Without Warning

Ladies and gentlemen, this could happen to you.   My recent morning adventure may save you some time and money.  Warning lights do not always work!

Three days ago, Monday morning, I found myself in a situation I would like to share in the event any of you should ever have a similar experience with your vehicle not working properly.

I was leaving one location and about to head to my next destination.  I got in my vehicle, started the engine and placed the gear selector in R (reverse).  The vehicle wouldn’t move.  I then placed the gear selector in D (drive).  Still, no movement.  I’m already thinking, “Crap, I’m going to be late for work.”  Man, was I late!  My first thought was, its the transmission and it’s just stuck in park and something’s obviously not communicating with something else!

I sat there and decided to call the office from my cell phone to tell them I would be late or not make it in at all.  I decided to try to one more time before calling someone for help.  Still no movement.  Unbeknownst to me, the right rear wheel was turning but none of the other wheels were moving.  So the more I tried to move the car in any direction, the more the right rear area was going down in the ground.  The vehicle was truly stuck at this point.  Even if the wheels did begin to move,  I was going to need a wrecker to boost me out.  I was parked in a gravel driveway.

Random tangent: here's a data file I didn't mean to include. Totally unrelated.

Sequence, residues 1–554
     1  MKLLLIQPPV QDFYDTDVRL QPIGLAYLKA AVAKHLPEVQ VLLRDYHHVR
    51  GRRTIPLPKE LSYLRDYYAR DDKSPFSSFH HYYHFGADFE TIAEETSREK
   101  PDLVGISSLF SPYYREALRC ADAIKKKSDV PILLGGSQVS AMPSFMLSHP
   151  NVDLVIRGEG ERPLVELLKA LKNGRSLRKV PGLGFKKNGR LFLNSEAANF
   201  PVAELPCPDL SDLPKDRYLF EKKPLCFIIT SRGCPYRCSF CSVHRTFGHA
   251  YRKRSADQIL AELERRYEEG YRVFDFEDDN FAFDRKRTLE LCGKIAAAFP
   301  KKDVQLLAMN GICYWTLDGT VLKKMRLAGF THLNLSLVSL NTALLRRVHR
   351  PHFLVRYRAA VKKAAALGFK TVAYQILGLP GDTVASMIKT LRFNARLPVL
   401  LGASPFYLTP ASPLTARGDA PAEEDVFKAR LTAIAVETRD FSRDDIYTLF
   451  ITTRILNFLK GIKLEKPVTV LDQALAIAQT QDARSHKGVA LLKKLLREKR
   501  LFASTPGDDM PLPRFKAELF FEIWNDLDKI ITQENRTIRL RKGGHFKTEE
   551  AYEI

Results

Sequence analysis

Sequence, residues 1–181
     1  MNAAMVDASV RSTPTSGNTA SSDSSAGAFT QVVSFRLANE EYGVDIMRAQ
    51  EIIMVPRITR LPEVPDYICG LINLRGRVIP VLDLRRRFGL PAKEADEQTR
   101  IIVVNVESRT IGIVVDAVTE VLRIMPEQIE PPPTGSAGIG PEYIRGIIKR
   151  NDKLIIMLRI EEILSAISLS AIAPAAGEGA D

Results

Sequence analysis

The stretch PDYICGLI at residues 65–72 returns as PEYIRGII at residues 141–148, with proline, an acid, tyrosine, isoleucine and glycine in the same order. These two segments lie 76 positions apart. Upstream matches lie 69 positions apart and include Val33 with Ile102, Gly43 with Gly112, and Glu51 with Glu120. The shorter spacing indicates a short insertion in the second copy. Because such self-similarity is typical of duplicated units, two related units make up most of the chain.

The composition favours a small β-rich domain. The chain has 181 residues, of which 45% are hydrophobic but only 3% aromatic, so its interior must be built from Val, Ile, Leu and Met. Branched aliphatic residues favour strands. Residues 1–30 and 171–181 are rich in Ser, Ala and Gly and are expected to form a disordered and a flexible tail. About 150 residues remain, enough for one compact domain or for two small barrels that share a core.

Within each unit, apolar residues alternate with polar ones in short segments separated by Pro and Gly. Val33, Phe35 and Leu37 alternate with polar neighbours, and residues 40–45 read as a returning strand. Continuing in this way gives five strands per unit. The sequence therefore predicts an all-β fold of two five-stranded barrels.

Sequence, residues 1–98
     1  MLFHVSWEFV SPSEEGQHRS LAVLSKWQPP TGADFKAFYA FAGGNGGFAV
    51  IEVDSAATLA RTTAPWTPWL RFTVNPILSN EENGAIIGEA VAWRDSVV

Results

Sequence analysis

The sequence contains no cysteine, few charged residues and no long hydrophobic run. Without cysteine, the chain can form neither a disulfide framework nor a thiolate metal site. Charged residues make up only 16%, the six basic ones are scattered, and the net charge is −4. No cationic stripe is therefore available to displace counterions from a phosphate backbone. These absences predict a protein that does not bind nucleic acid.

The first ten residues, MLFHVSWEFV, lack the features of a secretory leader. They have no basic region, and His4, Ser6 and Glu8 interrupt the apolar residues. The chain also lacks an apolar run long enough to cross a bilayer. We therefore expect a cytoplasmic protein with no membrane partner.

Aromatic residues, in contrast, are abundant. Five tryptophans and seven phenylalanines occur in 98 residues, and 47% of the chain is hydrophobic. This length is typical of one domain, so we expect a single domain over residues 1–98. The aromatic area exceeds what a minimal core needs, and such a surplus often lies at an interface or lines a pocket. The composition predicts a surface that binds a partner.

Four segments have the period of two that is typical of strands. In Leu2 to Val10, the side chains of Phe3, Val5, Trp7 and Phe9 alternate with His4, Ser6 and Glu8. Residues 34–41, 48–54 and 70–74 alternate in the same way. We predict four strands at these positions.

Actual Photo

I phoned someone for help who suggested I call a particular garage to assist me.  They weren’t able to come due to all employees being off-site except one at that time and said they’d call back.  The garage never called back but someone else I called did come and offer to pull me out with a tow rope.  We hooked up everything where it needed to be and tried to free the vehicle.   Still no movement on the first try.  On the second try, I thought the rear axle was going to pop loose.  We succeeded in moving it 6 feet but it just slid across the gravel.  The wheels were locked. The guy helping said it’s got to be something related to the brakes at which point a light bulb went off.

I pulled out the owner’s manual to check the fuse location for the Anti-lock Braking System (ABS). The fuses were okay in the fuse box.  The next area to check would be the fuse block box located under the hood.

Fuse Block Box

Fuse Block Box

No fuses were blown there so that left the ABS relay located in the same area. In the meantime, my friend called another guy to come help.  I didn’t have a ABS relay handy so off I went in my friend’s vehicle to the nearest parts store to buy a new ABS relay.  I call this POE (process of elimination).  I use it often when figuring out mechanical issues.

When I returned, I now had two guys trying to unlock the wheels by boosting it out which clearly wasn’t working.  And they seemed to have forgotten I had just removed the most important part (relay) that allows the braking system to work.  Before they could do any damage I parked, jumped out and ran to put the new relay in place.   Within minutes I had installed the new relay, turned the ignition switch and could immediately tell a difference.  I placed the gearshift lever in reverse and the wheels began moving!  I was exhausted with frozen hands and feet, but I was one happy person! (I left out the part about digging out gravel around the tire.)

So if you should ever have a similar car problem, without warning, check the fuses and replace the relay module first.

Abs Relay Module

ABS Relay Module

This small $15-$25 part can save you time and money before you call for a tow and pay a mechanic to figure out the problem for you.  I should add here that most vehicles have a ABS warning light in the dash area.  If this car has one I never saw it flashing.  I see another POE adventure coming up this weekend!